July 2, 2020updated 28 Jan 2022 11:10am

How smart security is changing how we protect our homes

While the phrase ‘smart home’ evokes visions of futuristic devices with blue LED lights, much of our everyday technology was once considered ‘smart’. Toasters, vacuum cleaners and refrigerators were revolutionary, making many of our daily tasks easier.

By Amy McDonnell

Nowadays, modern smart home devices help us live greener lives, stay in control of our homes and increase security, with mammoth tech companies like Amazon and Google investing billions into the industry.

And it’s working. More than a quarter of Brits own one or more smart home devices[1], and with every new gadget to hit the market, controlling your home becomes easier. The technology has moved past just asking Alexa if it’s raining outside – you can now set up an entire surveillance system from your mobile phone and although only 3% of UK homes currently own a smart security device[2], it’s quickly changing the face of home security.

Getting smart with security

Smart security systems usually feature a combination of cameras, motion detectors and window and door sensors connected a central hub linked to your home WiFi network.

Unlike traditional burglar alarms, you can connect your system to an app that triggers notifications when someone comes to your door, lets you speak to delivery drivers while you’re at work and – probably most importantly – detects intruders attempting to enter your home in real time.

For an extra layer of protection, some companies offer subscription services that keep your devices running if your connection goes down, as well as optional 24/7 assistive monitoring.

Should I be concerned about hackers?

As your home becomes smarter, it’s entirely possible for a stranger to gain access to your devices. Especially if you don’t have the appropriate protection set up. We recommend you:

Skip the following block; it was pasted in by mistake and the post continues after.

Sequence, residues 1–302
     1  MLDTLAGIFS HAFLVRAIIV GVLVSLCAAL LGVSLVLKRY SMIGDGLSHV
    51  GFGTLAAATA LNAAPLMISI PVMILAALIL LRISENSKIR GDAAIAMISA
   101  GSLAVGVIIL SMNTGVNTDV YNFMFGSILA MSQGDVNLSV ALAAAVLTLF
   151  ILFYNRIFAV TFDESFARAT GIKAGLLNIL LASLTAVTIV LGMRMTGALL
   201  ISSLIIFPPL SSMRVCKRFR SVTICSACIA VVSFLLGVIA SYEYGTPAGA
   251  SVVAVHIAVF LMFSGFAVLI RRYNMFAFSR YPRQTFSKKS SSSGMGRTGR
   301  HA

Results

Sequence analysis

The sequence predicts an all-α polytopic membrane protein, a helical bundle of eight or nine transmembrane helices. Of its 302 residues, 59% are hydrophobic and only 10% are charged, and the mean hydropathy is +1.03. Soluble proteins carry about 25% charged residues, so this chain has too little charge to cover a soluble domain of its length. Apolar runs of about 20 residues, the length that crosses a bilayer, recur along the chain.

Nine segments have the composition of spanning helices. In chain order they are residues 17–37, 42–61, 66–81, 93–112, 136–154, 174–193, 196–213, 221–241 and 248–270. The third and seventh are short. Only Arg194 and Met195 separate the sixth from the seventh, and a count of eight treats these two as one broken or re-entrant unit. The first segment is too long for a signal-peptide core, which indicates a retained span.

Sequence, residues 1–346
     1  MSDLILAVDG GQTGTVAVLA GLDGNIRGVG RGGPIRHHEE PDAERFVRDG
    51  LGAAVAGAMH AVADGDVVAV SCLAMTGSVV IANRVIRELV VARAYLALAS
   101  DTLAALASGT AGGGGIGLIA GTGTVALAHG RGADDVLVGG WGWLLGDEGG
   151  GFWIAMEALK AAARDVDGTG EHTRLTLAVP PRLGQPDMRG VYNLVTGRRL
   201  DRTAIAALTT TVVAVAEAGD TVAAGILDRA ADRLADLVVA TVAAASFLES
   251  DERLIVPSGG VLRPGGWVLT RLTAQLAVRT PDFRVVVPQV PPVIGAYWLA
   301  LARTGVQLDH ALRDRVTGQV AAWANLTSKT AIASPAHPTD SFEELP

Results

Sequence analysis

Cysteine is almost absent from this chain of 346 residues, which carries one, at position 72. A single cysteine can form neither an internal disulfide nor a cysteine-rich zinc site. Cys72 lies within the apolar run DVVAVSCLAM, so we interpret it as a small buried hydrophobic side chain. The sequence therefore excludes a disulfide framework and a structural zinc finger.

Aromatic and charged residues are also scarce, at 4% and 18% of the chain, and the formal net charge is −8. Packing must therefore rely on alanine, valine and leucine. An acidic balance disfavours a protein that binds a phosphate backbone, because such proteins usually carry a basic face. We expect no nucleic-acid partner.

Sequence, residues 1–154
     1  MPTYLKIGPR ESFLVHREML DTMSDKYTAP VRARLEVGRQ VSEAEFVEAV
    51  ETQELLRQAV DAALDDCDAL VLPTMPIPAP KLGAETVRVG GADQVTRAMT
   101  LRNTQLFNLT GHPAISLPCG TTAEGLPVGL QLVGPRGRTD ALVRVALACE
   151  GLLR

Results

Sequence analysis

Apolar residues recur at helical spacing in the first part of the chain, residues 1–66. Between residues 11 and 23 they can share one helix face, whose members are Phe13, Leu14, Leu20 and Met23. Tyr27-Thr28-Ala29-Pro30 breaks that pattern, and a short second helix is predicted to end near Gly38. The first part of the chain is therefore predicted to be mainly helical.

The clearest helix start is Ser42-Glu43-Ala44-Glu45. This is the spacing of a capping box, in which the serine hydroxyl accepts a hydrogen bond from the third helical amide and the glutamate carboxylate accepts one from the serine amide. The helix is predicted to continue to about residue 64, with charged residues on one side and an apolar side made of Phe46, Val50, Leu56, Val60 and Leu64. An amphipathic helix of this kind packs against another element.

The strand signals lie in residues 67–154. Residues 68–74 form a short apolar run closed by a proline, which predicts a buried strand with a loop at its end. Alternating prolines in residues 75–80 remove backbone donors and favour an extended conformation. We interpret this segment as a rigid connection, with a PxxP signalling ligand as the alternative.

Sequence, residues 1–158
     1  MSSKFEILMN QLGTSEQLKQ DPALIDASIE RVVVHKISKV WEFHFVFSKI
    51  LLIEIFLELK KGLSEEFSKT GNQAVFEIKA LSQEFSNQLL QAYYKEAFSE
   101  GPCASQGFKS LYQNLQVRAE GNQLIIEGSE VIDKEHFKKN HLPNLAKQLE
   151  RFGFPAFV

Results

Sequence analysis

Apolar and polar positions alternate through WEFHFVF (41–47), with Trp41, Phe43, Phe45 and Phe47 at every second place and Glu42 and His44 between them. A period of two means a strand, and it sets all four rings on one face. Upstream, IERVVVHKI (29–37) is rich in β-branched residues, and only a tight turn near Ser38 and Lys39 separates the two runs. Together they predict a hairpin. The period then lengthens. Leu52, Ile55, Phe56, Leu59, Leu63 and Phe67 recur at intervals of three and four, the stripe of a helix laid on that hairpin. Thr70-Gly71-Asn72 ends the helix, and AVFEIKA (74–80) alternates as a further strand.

• Update your default Wi-Fi and smart device passwords
  • Keep your devices up to date so you’re always using the latest software
  • Enable any two-factor verification available

Remember, no system is 100% safe, but by taking steps to secure your devices you’re making it less likely you’ll be targeted.

How smart homes are impacting home insurance

While smart home devices can potentially make our homes safer, they haven’t yet affected how we approach home insurance. That isn’t to say that the industry isn’t loosening its legacy policies.

Home insurance company Neos is leading the way by using smart security to help minimise the chances of costly home damage.

Underwritten by leading UK insurance company Aviva, customers can sign up to an inclusive home insurance policy that comes with up to nine wireless smart home sensors and cameras at no extra cost.

Using the free app, users can detect water leaks, fires or intruders, with instant alerts to their mobile phones.

COO of Neos Chris Mansfield says, “The connected home has bought with it the potential to re-evaluate traditional insurance practices and the customer value proposition. With the use of connected smart tech, insurers can now proactively protect their customers’ homes reducing the need to make a claim. Should the worst happen, the insurer is immediately available via the app to offer a range of connected services to help the customer get back up and running.

At Neos, we see this as a win for all parties. As well as having a non-traditional, highly engaged relationship with our customers, our products and services provide a better chance of preventing damage before it happens, reducing the cost of claims. We are set to continue to challenge the traditional insurance model by adding exciting and new value-added services for our customers built around our award-winning smart tech and app.”

The future of smart homes

The industry still has a long way to go in gaining the trust of many sceptics. Cracking down on security breaches is the first step – and while Nest is making two-factor authentication mandatory for all its products, 39% of non-owners still fear hacking and cyber-attacks and 36% worry about data privacy.

But, whether it’s smart speakers, thermostats or state-of-the-art security systems, smart homes are fast becoming the norm. According to Statista[3], around 31 billion devices will be connected to the internet by 2020, with that number growing to 75.4 billion by 2025.

[1] https://yougov.co.uk/topics/technology/articles-reports/2018/08/10/almost-quarter-britons-now-own-one-or-more-smart-h

[2] https://yougov.co.uk/topics/technology/articles-reports/2018/08/10/almost-quarter-britons-now-own-one-or-more-smart-h

[3] https://www.statista.com/statistics/471264/iot-number-of-connected-devices-worldwide/

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